In several photos at the Getty, some of which were preliminary studies for silk-screen portraits, Warhol achieved this effect by covering his subjects with white skin makeup, concealing expressive lines and wrinkles, and effectively reducing the face to a starkly stylized composition of mouth, eyes and carefully coifed hair. The most striking of these images is a 1977 Polaroid of Liza Minnelli posing in a red hood that circumscribes a masklike visage dominated by heavily mascaraed eyelashes, painted red lips, and black bangs descending over big, doelike eyes. Revealing absolutely nothing but surface, the portrait conjures the impersonal star power of a Byzantine Madonna.
For a 1986 self-portrait, Warhol portrays his head floating against a black background, his platinum fright wig splashing about his pale face like a dysfunctional halo. Staring directly into the lens with his own cameralike gaze, his eyes are a dead zone betraying no trace of an interior life. It's an uncanny look he managed to produce in many of his celebrity portraits, including Polaroids of a zoned-out and numb Mick Jagger, a steely-eyed Debbie Harry and a young, blank-faced Arnold Schwarzenegger. If Nadar's subjects appear arrayed in the wardrobe of their conspicuous "character," Warhol's seem to be clothed only in their own celebrity, and they appear strangely naked, as only someone wearing a mask can look.
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IN A CULTURE WHERE IMAGE IS EVERYTHING, THESE photos depict people who seem to be nothing but. Yet while Warhol was criticized in the art world for indiscriminately embracing the cult of celebrity, his portraits strike a subversive note. Unlike the work of Annie Leibovitz or Herb Ritts, whose glamorous photos are high-toned ads for celebrity life, Warhol's mechanical eye shows us what is left when the cloying effects of that kind of salesmanship wear off -- the underlying coolness and vacuity, the flat and banal surface of celebrity. In other words, his portraits evoke the essential entropy of image culture -- the slow falling apart of all values that don't lend themselves to photographic reproduction.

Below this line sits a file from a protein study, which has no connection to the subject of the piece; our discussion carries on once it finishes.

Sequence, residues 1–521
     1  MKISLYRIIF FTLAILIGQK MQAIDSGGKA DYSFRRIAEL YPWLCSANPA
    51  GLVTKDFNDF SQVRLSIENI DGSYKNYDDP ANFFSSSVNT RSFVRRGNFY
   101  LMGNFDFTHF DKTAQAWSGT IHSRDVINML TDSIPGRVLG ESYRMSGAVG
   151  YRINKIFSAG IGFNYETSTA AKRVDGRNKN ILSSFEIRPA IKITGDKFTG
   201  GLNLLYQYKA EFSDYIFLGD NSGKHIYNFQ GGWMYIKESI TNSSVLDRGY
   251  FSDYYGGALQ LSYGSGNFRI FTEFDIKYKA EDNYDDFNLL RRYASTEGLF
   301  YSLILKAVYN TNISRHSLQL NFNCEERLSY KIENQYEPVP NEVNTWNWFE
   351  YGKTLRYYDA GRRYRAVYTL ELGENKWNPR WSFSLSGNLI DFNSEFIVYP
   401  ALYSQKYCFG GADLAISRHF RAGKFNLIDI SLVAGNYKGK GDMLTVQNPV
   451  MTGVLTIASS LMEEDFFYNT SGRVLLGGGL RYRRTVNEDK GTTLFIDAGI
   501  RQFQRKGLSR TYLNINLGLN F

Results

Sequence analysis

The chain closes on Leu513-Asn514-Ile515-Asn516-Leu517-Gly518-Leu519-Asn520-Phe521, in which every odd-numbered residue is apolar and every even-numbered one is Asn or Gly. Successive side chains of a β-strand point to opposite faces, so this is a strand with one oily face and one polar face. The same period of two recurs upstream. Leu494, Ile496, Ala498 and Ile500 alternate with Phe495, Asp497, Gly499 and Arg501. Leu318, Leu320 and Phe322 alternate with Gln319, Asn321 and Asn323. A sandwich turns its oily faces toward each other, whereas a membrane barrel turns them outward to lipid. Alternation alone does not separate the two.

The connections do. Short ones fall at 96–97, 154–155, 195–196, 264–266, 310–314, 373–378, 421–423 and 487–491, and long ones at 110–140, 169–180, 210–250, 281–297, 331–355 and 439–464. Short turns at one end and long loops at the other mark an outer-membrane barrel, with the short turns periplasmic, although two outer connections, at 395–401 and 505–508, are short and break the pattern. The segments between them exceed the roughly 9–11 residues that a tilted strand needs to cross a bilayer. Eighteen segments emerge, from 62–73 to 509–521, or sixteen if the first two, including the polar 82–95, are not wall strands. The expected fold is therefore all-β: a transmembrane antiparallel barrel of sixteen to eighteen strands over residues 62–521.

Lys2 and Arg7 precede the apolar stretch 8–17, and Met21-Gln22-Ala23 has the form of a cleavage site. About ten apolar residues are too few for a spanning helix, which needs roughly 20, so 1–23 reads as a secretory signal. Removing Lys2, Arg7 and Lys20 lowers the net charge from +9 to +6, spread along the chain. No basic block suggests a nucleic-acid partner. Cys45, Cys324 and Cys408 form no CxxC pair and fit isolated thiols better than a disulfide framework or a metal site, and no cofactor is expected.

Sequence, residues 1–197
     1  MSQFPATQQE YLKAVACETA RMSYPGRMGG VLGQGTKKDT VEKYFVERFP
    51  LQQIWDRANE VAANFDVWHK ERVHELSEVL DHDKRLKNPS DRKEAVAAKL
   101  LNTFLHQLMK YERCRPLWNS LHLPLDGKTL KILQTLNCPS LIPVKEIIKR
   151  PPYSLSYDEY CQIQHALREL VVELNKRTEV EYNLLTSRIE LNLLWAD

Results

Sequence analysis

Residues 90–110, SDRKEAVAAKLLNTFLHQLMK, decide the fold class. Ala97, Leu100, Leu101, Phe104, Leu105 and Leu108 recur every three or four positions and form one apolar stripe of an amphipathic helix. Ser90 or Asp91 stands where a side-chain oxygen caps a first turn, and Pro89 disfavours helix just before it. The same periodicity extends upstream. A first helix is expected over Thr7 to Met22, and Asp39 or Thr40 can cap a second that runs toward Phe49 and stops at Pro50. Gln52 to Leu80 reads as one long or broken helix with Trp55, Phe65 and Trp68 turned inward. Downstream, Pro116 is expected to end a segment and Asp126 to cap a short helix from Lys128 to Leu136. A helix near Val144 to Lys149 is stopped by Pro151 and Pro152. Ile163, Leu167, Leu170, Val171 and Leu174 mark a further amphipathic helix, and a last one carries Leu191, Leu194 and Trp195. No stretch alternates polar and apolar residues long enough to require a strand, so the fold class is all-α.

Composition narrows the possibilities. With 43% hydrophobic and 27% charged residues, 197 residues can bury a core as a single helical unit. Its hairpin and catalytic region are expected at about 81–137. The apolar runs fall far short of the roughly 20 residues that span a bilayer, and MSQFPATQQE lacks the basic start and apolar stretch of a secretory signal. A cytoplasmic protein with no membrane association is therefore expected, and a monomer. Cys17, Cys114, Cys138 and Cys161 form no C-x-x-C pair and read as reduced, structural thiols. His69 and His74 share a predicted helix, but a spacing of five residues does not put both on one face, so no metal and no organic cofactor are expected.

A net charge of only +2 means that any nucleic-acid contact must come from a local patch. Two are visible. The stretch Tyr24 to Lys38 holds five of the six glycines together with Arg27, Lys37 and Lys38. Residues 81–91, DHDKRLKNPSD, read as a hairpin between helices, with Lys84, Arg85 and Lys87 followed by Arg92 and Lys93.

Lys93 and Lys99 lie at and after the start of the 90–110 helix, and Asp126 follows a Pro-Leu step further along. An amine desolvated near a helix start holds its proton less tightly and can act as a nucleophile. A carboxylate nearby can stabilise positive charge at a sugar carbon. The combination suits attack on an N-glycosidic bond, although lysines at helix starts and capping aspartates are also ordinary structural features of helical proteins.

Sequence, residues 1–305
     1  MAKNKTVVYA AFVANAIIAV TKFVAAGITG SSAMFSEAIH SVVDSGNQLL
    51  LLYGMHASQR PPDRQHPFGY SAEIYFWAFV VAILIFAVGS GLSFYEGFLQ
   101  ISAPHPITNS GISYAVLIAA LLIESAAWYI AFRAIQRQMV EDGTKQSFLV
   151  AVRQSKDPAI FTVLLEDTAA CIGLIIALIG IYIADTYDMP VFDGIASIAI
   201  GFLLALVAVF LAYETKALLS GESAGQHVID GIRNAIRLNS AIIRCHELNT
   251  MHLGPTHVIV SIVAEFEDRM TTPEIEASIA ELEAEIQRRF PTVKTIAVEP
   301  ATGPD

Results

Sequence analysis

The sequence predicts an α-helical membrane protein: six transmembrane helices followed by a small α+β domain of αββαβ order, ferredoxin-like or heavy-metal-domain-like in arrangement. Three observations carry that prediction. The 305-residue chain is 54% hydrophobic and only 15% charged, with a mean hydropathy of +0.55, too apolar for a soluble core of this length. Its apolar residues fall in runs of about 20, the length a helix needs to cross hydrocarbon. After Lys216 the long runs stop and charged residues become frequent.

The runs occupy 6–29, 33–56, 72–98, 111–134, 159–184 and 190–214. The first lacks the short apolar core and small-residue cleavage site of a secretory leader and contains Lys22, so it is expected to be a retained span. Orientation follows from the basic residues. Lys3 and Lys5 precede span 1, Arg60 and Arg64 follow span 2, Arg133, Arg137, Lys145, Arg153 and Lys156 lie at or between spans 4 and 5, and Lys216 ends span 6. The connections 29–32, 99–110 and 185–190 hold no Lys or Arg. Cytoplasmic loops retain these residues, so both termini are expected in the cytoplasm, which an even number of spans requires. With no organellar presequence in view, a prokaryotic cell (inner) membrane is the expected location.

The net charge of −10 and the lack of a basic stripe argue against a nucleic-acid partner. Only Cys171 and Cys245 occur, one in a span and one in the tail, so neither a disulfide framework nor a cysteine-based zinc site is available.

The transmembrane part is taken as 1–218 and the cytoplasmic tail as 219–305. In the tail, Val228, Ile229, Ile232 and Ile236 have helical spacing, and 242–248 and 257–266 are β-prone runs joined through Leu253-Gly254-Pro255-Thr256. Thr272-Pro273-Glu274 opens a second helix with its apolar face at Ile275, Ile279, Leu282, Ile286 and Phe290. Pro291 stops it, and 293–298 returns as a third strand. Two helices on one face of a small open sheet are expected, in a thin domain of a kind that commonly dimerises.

Warhol may also have intuitively appreciated celebrity portraiture as part of a larger culture of photographic surveillance -- at least one could deduce this from his pronouncement that his favorite photographer was paparazzo and Jackie-stalker Ron Galella (who appears in the Getty show in an appropriately Weegee-like black-and-white snapshot). Curiously, Nadar played a key early role in developing this culture. As a balloonist, he took the world's first aerial photographs, in 1858, inaugurating the practice of high-altitude surveillance -- precursor to today's satellite spy cameras. Indeed, the French government once offered Nadar 50,000 francs to photograph troop movements during its war with Italy in 1859, and though he refused that assignment, he did take aerial pictures of troop movements during the 1870 Franco-Prussian War -- by which time photographic surveillance had already developed into an industry.
In the century separating Nadar and Warhol, photographic surveillance of celebrities has profoundly altered our conception of fame. Not only did photography make the famous and notorious more widely visible, but it also made possible new kinds of celebrities, including people who are famous simply because they look good in photographs, and others who are famous simply for taking their pictures. Social theorists have claimed that photography democratized fame by giving us intimate access to images of the famous, but Warhol's machinelike portraits remind us that this most populist of media lends itself to the production of secular idols whom -- in an exercise that is democracy's flip side -- we continue to worship with unthinking devotion.
NADAR/WARHOL: Paris/New York
At the J. Paul Getty Museum
1200 Getty Center Drive, Brentwood
Through October 10